-I remembered that John Goodman can do subtlety. We’re always wrapped up in his usual gravitas and Walter Sobcheckian-yelling that we forget just how acute he can be too. The scene on the porch between him and Zahn is priceless, “Just piano lessons.”

-Melissa Leo, high marks all around. She’s perfectly cast.

-Zahn. Not as manic as the first episode. A bit more manic then the second. But still finding balance and had some real nice moments. Even his doucheyness is starting to be charming, which seems to be the point. He mostly works as a great foil for Kim Dickens.

Bad:

-Meanwhile, Sonny is the douchiest douche in douchetown. How are we supposed to feel about him again? Are we supposed to like this guy? Because he’s giving hipsters and even badder name. Drinking his girlfriend’s birthday present because she got a surprise big-deal-gig and just happened to be busy for a little bit? And Sonny got to go to the gig too?! What is he, fucking five? Shut up Sonny you whiny little brat. For the record, I find most complaints of hipsterism and/or emo to be inane, simplistic, and often just plain irrelevant, but dear lord Sonny. Come on man. You’re actually justifying all of those diminutions. And yet, because this is David Simon, I will wait patiently. Maybe we’re suppose to hate this douchebag in the long run. My guess though is that his seemingly pretentious stories of saving people in his boat (the ones that people can’t seem corroborate) will actually end up being true. And really he’s just working out his shit or some other backstory. I dunno.

-His girlfriend Annie is far more tolerable, except she makes a face when playing fiddle that looks like she’s passing stones.

-There’s a fine line in film/tv between something that feels real and something that feels forced. This seems obvious, but authenticity is such a rarity in entertainment that we’ve learned to embrace the ridiculous as an alternative. Meanwhile, Simon’s shows (Homicide, The Corner, The Wire) have built a reputation on being authentic above all else. So in regards to the scene in episode 3 where the cops suddenly go ape-shit on Antoine for, like, no reason… well, it immediately set off my bullshit detector. Which is odd, because I’ve seen that exact same kind of horror go down in real life multiple times. But if it is something that’s painfully real, what’s the problem? The problem is the “how” of course. Since DO THE RIGHT THING(1), we’ve seen the no-reason-police-beating many, many times in our cinematic experience, and many of these immitations are often done for contrived/imitative/knee-jerk reasons. Unfortunately, we can’t help but bring all those negative connotations with it. This scene in episode 3, however, builds up beautifully; Antoine drunkenly sings with Annie and Sonny as the police car slides carefully into the backround. They finish their song. He starts to drunkenly walk forward. You slowly feel it coming. It’s perfect film-making. Then the second his horn taps the cop car, the police are instantly on top of him and within a second are beating the shit out of him, spewing the kind of dialogue we see in “evil cop” movies. Even the style of the scene changes, as it ultra-edited and with multiple angles to accentuate the violence.(2) You sense the filmmakers wanted to show how quickly things can turn and how impacting real police violence can be, but in doing so they’ve created a scene that achieves in the exact antithesis of what it was achieving when it started. In this culture of stylistic violence you need to be doubly careful. Even the shaky cam has a action-movie connotation now. You need the same kind of unblinking de-stylization that made the action of The Wire so heartbreaking.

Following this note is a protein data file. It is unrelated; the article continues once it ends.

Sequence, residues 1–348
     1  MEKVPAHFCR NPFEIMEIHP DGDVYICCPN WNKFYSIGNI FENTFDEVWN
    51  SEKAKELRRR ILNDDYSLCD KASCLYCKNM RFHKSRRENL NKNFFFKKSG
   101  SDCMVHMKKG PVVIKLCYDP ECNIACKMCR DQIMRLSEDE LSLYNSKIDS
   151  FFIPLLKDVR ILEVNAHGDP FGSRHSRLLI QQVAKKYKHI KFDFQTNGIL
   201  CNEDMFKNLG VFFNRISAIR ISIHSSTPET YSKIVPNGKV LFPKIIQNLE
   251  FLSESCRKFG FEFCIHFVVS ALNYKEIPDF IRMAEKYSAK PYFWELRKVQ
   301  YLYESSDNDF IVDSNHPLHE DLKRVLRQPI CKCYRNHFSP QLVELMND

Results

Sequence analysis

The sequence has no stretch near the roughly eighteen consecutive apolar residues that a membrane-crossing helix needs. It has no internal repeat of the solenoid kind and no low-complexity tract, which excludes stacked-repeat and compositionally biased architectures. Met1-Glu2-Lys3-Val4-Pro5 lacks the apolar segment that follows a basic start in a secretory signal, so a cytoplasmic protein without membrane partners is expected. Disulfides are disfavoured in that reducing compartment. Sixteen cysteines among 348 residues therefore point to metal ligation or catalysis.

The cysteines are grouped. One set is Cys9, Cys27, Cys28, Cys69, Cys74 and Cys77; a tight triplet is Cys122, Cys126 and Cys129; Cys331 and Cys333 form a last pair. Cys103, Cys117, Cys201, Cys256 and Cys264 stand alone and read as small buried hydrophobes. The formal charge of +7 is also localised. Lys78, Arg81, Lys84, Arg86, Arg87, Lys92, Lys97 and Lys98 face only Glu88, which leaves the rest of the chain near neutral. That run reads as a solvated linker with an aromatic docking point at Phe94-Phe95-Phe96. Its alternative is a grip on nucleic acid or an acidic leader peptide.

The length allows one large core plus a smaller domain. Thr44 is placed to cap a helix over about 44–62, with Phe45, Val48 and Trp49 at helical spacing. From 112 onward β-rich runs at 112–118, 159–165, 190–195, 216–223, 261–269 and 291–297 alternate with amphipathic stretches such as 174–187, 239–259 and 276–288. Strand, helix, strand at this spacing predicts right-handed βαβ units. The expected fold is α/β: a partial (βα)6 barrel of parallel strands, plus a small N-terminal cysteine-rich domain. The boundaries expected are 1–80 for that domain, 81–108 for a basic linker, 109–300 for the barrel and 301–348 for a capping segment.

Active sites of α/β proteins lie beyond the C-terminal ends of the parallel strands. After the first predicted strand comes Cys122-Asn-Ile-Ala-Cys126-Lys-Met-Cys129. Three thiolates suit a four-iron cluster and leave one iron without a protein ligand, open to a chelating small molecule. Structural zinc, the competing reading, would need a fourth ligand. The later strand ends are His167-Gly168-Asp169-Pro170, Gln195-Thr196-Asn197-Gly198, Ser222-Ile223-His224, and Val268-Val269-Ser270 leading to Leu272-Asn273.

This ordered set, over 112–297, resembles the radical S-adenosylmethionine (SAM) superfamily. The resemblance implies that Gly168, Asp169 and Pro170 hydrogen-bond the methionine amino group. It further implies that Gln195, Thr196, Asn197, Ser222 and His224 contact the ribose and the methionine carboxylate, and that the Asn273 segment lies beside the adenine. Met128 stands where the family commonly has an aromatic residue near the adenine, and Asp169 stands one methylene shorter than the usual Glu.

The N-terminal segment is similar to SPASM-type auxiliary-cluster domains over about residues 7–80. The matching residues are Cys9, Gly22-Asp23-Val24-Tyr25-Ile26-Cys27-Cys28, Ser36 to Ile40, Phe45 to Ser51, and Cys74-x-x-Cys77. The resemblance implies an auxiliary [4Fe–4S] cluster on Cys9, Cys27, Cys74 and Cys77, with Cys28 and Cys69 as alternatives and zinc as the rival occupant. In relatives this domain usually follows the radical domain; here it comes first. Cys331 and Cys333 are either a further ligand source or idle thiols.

Anywho it’s just something to look out for in future episodes, as it’s the crux of what makes a David Simon show work.

And I swear I’m going to have have another “It’s not just who but when” post up this week, it’s almost done.

(1) – It goes back further of course, but the scene of Radio Raheem remains the last major touchstone for a lot of us.

(2) – In comparison to the normal Simon standards, not, like, Michael Bay.


Like: Rosalind Russell (1940)

March 10, 2010

“It’s Not Just Who But When…”

This statement was made by an acquaintance of mine some years ago when the question was prompted, “Who would you like to meet more than anyone else?” And from that very moment I fully and completely realized how important timing is when it comes to the reality of a person. Often the ideal timing is that ideal cusp where the fame is new and surprising to the person themselves. Where they are overcome with both the humility of that responsibility and possibly even embarrassed by it. It is certainly when they are most thankful. And certainly ever since that initial conversation I’ve always reiterated when it comes to any such list, “It’s not just who but when…”